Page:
(334) 844-3299
Detailed Record
Share this Article

Financial boundary ambiguity among military spouses

APA Citation:

McCoy, M., O’Neal, C. W., Gale, J., Goetz, J., & Mancini, J. (2021). Financial boundary ambiguity among military spouses. Family Relations, 70(4), 1265-1279. https://doi.org/10.1111/fare.12520

Abstract Created by REACH:

During transitions, such as deployment and reintegration, couples may experience confusion around family roles and responsibilities. This boundary ambiguity during transitions can include uncertainty regarding financial roles (e.g., creating a budget, paying bills), which could contribute to relationship challenges. Informed by family stress models, this study examined the links between family resources, such as family flexibility (i.e., the family’s ability to maintain stability while also adapting to change), couples’ satisfaction with their communication, and their financial boundary ambiguity (i.e., couples’ abilities to adjust financial roles post-deployment) in a sample of 206 couples with men Service members and civilian wives. Further, this study examined linkages between family flexibility, satisfaction with communication, financial boundary ambiguity, and marital satisfaction. Family flexibility and satisfaction with communication were associated with lower financial boundary ambiguity, which, in turn, was related to higher marital satisfaction for civilian wives.



Branch of Service:


Subject Affiliation:

Active duty service member
Spouse of service member or veteran


Adulthood (18 yrs & older)
Young adulthood (18 - 29 yrs)
Thirties (30 - 39 yrs)
Middle age (40 - 64 yrs)


Cross-Sectional Study
Quantitative Study
Secondary Analysis


McCoy, Megan, O'Neal, Catherine Walker, Gale, Jerry, Goetz, Joseph, Mancini, Jay A.


Objective The military lifestyle of extended training programs and deployments creates a need to clearly define each partner's roles and responsibilities after each departure and reunion. Background Previous researchers have discovered that the less ambiguity that occurs when an individual enters or departs the family system, the less likely the family is to experience strain or crisis. One challenging area of boundary definition is finances, as couples tend to avoid talking about money which may contribute to financial boundary ambiguity. Methods This study applies the contextual model of family stress to examine financial boundary ambiguity and its association with marital quality in the post-deployment stage. This article presents a theory-driven exploration of financial boundary ambiguity using the actor–partner interdependence model and structural equation modeling. Results Study findings indicate that role flexibility, as well as clear and open communication, are related to less financial boundary ambiguity. This, in turn, is related to higher marital quality, although there are differences in the actor and partner effects between financial boundary ambiguity and marital relations. Conclusion To more fully understand coping and resilience among military couples, the authors applied the contextual model of family stress focused on financial elements to clarify the significance of how the couples navigated their roles and interactions. Implications Programs focused on financial and relational health should focus on fostering communication around financial roles during periods of transition, such as the deployment cycle. In particular, programs should be oriented around strategies for reducing the stress that surrounds financial uncertainties and strain, in addition to teaching effective financial management.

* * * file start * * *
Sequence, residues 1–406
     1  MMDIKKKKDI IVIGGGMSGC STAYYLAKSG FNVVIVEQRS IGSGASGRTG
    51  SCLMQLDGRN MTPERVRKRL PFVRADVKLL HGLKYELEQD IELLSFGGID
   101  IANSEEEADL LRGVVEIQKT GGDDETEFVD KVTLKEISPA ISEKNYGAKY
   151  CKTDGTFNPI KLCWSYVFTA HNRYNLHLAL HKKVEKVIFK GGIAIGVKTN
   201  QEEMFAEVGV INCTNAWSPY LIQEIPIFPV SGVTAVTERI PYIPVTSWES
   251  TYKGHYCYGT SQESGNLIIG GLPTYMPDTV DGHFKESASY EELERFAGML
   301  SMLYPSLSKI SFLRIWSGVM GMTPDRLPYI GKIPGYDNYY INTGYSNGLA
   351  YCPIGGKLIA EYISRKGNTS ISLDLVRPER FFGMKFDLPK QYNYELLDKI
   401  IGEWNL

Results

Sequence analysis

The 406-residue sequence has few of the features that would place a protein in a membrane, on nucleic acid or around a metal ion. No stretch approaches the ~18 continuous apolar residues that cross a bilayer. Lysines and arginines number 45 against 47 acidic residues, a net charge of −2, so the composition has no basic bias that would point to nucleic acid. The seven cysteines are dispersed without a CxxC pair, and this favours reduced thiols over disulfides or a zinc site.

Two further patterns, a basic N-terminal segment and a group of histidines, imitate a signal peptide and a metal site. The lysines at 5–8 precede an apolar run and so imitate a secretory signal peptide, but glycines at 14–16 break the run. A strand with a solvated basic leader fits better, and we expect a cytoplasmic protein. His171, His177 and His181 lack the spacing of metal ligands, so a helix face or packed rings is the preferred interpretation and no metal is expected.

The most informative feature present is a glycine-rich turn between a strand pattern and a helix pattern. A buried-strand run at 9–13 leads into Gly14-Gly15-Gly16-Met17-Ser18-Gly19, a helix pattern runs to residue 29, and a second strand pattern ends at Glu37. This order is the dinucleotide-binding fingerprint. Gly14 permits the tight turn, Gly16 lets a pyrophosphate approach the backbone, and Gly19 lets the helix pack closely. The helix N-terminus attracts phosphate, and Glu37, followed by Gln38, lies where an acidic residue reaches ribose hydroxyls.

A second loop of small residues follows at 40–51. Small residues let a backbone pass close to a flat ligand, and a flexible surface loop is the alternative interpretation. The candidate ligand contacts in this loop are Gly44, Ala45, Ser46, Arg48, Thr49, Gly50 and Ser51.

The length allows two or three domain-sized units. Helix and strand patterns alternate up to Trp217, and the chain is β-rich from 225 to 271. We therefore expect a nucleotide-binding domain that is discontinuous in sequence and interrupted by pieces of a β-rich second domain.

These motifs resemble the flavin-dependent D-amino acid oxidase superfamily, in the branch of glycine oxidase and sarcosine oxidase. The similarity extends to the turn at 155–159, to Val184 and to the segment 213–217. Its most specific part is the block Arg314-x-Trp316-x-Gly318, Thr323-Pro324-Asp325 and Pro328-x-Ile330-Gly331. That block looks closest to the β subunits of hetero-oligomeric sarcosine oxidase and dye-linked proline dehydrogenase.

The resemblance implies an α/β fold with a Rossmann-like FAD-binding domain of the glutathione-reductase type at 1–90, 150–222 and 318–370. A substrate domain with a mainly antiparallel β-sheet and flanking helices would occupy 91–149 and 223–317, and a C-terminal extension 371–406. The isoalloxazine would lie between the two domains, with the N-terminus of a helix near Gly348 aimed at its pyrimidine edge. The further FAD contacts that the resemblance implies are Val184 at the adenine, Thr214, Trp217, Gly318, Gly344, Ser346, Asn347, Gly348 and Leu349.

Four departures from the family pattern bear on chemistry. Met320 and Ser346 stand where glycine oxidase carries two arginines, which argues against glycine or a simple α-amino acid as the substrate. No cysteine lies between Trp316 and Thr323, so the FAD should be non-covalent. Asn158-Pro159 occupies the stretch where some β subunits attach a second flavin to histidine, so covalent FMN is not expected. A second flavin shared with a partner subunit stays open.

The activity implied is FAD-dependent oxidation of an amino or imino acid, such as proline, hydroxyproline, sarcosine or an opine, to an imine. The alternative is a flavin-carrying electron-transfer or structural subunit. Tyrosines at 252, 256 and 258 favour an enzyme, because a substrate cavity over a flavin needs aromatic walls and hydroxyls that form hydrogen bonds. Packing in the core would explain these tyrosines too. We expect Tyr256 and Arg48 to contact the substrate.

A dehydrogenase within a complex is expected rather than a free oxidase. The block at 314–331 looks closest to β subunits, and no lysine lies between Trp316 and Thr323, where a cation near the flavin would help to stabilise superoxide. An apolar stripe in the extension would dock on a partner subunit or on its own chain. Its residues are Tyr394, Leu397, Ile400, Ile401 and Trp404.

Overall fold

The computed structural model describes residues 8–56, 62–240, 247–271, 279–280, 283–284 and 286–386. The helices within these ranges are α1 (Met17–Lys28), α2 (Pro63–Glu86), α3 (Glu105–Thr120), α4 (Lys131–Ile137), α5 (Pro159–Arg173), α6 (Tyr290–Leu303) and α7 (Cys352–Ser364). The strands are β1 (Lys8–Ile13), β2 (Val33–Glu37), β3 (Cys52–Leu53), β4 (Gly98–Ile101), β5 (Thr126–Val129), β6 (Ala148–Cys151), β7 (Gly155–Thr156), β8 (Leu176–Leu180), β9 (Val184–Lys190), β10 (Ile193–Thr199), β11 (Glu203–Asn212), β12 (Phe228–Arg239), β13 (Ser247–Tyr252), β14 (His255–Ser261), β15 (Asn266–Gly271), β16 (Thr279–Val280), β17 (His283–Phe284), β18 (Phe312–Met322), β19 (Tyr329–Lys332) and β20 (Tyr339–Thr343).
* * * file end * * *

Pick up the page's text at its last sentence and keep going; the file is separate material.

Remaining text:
Publisher/Sponsoring Organization:

John Wiley & Sons

Publication Type:

REACH Publication

Author Affiliation:

Financial Planning Department, Kansas State University, MM
University of Georgia, CWO
University of Georgia, JG
University of Georgia, JG
University of Georgia, JAM


communication, contextual model of family stress, financial boundary ambiguity, marital quality, military

View Research Summary:

REACH Publication Type:

Research Summary


U.S. Department of Agriculture (NIFA award No. 2009‐48680‐06069, Jay A. Mancini, Principal Investigator)

REACH Newsletter:

  June 2021

This website uses cookies to improve the browsing experience of our users. Please review Auburn University’s Privacy Statement for more information. Accept & Close